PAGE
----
The Springboks game plan is about as old as the green and gold itself. Intimidate the opposition at the set pieces, boss them at the collisions and make them pay with accuracy.
The strategy is a no brainer – especially when you consider the anatomical superiority that a large percentage of South Africans are born with.
And this plan has worked for us in the past.
But are we prepared for those rare occasions when someone is beating us at our own game? What do we do when a hungry Leprechaun is hell bent on dining on Springbok Carpaccio? Do we have a plan B that we can seamlessly shift into on the field? I believe the answer is, and always has been, no.
I believe, that two factors are fundamental to a good, modern rugby team: planning (the game plan) and execution (the players).
On the player side of things the talent available in South Africa is undeniable – it’s practically coming out of our ears. We seem to have a never-ending supply of youngsters just itching to get a shot, and this should ensure that we’re always competitive as a nation.
From a game plan point of view we’re in a good spot too. We’re still anatomically superior to opposition and as such, our game plan is still relevant.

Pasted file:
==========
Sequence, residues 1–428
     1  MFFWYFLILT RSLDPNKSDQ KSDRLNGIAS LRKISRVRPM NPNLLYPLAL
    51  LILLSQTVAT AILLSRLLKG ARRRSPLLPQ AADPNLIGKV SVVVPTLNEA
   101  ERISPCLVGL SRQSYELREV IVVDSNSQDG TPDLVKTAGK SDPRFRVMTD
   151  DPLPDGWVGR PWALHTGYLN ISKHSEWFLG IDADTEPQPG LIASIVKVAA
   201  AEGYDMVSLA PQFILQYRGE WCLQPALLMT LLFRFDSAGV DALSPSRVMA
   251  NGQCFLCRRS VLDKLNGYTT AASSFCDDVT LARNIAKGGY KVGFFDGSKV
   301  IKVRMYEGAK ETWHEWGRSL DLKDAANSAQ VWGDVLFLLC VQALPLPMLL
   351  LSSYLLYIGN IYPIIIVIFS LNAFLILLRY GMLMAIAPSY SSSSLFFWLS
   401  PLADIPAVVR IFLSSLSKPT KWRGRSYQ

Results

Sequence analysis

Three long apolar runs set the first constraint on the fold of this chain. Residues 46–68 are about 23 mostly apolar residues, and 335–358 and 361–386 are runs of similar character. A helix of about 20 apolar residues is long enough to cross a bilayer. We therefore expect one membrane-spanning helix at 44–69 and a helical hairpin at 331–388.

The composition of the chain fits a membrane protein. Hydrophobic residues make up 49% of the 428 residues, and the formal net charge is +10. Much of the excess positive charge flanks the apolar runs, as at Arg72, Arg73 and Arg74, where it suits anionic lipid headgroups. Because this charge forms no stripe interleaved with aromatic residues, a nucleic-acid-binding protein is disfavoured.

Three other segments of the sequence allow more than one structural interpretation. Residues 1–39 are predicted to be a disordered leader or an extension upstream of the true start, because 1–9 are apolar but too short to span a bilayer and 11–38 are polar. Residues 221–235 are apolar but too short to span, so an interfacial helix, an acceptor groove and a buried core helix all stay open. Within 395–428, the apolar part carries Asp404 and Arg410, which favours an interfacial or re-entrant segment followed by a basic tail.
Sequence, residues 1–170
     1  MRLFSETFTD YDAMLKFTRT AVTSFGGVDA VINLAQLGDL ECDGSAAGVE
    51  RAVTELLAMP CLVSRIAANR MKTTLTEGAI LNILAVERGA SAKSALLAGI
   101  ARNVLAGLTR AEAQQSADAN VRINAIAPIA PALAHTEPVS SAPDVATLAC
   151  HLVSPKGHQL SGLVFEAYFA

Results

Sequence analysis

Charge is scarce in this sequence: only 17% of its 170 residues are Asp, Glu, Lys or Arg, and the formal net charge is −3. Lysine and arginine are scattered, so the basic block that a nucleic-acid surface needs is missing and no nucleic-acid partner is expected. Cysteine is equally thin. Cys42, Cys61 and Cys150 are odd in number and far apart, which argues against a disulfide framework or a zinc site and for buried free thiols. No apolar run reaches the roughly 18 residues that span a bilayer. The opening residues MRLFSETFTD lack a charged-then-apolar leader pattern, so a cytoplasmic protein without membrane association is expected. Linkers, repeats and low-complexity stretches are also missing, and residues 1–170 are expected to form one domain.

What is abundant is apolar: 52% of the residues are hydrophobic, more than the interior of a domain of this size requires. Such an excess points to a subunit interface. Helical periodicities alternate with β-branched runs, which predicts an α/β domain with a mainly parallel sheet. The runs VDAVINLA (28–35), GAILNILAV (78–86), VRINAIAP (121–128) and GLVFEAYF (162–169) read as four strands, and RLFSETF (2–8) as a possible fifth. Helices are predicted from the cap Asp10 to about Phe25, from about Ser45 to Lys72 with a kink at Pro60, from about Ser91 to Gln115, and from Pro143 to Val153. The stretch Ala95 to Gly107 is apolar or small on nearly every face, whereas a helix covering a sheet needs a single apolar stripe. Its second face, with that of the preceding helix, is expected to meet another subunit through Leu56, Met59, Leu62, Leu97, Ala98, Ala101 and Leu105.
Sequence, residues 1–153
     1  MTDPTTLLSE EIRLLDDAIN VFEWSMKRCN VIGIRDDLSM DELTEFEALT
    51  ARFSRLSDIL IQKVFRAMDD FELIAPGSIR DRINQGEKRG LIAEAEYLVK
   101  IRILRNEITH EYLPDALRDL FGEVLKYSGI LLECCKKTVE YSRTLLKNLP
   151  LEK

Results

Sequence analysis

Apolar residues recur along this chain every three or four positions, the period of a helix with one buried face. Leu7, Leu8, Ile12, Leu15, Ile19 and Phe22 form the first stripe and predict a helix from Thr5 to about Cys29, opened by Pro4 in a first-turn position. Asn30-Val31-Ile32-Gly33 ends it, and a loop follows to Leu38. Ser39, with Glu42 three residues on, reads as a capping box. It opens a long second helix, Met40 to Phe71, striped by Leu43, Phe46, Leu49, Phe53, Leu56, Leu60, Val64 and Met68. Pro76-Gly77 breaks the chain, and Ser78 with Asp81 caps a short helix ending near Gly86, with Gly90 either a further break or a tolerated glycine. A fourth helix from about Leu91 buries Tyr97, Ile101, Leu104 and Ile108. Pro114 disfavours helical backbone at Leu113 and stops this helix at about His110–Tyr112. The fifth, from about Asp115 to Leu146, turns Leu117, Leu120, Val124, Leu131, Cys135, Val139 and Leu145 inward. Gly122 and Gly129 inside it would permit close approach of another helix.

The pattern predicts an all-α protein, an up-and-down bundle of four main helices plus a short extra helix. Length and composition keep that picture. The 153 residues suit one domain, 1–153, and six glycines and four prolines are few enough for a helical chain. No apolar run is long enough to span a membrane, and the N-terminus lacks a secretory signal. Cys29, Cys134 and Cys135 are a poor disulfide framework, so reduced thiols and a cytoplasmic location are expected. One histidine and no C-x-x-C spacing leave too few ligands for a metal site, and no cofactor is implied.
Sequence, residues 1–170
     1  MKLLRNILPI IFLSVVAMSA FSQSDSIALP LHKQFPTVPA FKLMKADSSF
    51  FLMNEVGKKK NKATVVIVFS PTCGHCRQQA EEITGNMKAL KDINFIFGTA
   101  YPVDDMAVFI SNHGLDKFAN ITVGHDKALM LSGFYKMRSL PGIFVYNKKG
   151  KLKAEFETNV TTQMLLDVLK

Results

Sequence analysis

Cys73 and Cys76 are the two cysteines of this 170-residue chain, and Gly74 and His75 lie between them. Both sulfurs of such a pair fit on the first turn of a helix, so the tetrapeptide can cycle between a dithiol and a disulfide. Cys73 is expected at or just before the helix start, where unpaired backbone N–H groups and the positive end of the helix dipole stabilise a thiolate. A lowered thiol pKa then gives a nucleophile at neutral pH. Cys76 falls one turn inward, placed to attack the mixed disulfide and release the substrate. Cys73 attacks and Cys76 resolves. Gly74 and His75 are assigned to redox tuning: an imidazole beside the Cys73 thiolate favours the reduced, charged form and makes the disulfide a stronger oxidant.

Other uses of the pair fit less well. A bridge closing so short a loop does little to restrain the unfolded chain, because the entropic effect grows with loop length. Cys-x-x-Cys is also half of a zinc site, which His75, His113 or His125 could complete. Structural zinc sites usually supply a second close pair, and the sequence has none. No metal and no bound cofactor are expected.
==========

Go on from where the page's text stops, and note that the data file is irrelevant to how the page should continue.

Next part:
We have both factors going for us, so say it with me: “it’s great to be a Springbok supporter.”
That said, there is a third secret factor in there. It’s something small, something that doesn’t need to be used often – but when the need does arise it’s usually the difference between winning and losing. It’s something that I believe could’ve helped us against Ireland on Saturday. It’s called flexibility.
Flexibility breeds a Plan B. It’s the pick and drive instead of the box kick; it’s the one off runner rather than the backline ball; it’s the small changes you can make to the game plan to beat back the opposition and rescue the victory – something that could’ve been salvaged at Aviva Park despite the abject beating.
At times it seems to me that all South Africa teams arrogantly defend their game plan, persisting with the same approach, hoping for a different result. It’s insanity.
So with the World Cup fast approaching, let’s hope the Springboks adopt a degree of flexibility so that we can quickly and painlessly overcome any speed bumps along the way to glory.
What are your thoughts? Which World Rugby team is the most flexible in your opinion?